Rheinmetall-Borsig MK 103 was a German 30 mm autocannon that was
mounted in combat aircraft (like the Hs129, Fw190, Me410 and Do335)
during World War II, using a belt feed mechanism.
Developed alongside the MK 103 was the lighter MK 108 cannon, which
had a shorter barrel. It fired the same projectile, using a smaller
cartridge case with less propellant. The shorter barrel made it
more adaptable, so it saw much greater use .
ground use, the MK103 was the basis of the 3cm
Flak 103/38 and the 3cm
Flakvierling MK103. At the same time it was meant to be the
primary weapon of the Flakpanzer IV "Kugelblitz".
The 3cm Flak 103/38 also appeared (probably as a field modification)
on an SdKfz
138/1 Geschutzwagen 38m. There was also a Behelfslafette,
that might not be too difficult to scratchbuild using this set.
not in widespread use by the end of the war, it was without any
doubt a very
A drawing of the weapon can be found here.
differ about the overall length, going from 2350mm  to 2318mm
 and 2285mm .
is inside the Attack box
In the box (or rather, blister) you get two gun bodies and four
barrels. The barrels have two different types of muzzle brake (one
with flat sides and one with individual vent tubes). Both types
can be seen in wartime pictures. The instructions do not mention
this option, though, but show a gun cradle and an ammo box, that
are not provided. I think this is not because Attack forgot to add
the parts, but rather that the instructions are wrong for this set.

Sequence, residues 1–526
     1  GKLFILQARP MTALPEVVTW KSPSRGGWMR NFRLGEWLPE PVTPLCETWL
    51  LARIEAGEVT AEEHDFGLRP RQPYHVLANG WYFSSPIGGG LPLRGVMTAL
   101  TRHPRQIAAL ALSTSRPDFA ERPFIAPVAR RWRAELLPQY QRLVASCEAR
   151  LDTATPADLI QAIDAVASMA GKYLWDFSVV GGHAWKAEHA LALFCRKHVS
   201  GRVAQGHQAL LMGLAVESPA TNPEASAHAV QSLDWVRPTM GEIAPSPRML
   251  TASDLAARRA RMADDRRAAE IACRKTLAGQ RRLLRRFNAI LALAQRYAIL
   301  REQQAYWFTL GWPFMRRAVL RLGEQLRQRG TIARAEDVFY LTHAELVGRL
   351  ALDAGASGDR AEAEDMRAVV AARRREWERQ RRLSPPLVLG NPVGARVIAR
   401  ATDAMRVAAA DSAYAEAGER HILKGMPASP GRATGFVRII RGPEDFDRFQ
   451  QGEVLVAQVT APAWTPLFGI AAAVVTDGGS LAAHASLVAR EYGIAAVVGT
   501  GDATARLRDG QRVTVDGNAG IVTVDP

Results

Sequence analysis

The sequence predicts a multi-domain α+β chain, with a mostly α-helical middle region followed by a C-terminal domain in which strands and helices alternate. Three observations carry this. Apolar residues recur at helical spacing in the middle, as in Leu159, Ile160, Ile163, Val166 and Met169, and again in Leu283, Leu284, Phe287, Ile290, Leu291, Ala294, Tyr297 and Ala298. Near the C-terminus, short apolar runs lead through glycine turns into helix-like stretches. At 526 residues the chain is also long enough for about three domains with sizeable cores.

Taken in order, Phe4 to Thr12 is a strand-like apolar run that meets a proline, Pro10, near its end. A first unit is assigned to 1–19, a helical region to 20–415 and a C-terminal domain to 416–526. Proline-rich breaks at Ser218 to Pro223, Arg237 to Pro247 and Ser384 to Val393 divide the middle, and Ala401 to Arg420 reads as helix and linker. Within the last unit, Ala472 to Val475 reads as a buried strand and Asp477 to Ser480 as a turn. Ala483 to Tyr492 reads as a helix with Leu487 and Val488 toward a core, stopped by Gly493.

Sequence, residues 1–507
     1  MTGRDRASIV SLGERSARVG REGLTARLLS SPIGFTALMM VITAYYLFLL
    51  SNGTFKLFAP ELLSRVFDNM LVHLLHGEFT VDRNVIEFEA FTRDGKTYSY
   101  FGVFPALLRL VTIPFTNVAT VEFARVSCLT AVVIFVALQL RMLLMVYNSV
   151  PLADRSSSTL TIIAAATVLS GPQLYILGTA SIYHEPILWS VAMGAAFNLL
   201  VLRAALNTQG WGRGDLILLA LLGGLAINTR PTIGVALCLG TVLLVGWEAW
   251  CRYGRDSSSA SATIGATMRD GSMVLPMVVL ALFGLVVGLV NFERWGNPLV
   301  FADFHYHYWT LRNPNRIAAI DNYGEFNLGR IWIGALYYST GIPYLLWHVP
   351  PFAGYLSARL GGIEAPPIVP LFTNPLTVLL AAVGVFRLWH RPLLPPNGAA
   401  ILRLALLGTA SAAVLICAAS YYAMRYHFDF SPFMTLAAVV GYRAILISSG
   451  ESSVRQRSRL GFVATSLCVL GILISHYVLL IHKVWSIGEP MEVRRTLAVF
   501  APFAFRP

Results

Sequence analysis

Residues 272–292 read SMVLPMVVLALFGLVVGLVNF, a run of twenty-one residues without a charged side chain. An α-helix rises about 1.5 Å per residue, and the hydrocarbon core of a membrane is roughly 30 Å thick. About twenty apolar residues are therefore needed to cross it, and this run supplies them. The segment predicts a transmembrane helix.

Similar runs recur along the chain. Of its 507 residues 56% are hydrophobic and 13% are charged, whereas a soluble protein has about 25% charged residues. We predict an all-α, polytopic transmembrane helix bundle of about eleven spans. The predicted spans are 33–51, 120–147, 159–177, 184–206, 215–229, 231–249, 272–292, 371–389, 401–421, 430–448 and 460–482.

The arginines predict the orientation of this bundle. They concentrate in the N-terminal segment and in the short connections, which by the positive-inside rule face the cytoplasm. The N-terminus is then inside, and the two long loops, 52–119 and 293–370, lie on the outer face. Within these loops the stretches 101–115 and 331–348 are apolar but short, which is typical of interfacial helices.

My reasoning is based on the fact that the MK103 was belt-fed and
this set is meant for aircraft installation, so there would be no
need for the cradle and box. These parts might however be appropriate
for Attack kit 72852, which is a conversion set for the SdKfz138/1.
While the barrels aren't too bad, they are slightly warped and the
vent holes not perfectly aligned. They are thus no match for Schatton's
metal barrel set (vide infra).
The body on the other hand captures the look of the real gun very
Based on the available information the total gun scales out around
1/70. Given the lack of accurate data, this conclusion needs to
be taken with a pinch of salt, even though I have the feeling that
the relative proportion between barrel and body is skewed, with
the barrel being too long and the body too short, based on the scale
drawings by Arthur Bentley.
is inside the Schatton set
Schatton set contains two identical barrels with a muzzle brake
consisting of individual vents. Both the muzzle and the vents are
hollowed out and are an incredible feat of engineering and will
be a great improvement of the Attack set, even though they don't
come cheap. The whole of the barrel is substantially longer than
those in the Attack set, but measured from the taper at the base
of the barrel they are identical.
When fitted to the Flakpanzer IV "Kugelblitz", only the
constant, narrow section of the barrel and the muzzle brake is seen.
The Schatton set measures 13.6mm in this area, while  (rescaled
to 1/72) gives 13.9mm; an error of only about 2%.
The modeler will thus only need to take care to carefully drill
out the Attack gun body.
Panzer Tracts 12-1, Flakpanzer IV, T.L. Jentz & H.L. Doyle,
Review sample purchased by the author.
This model can be purchased from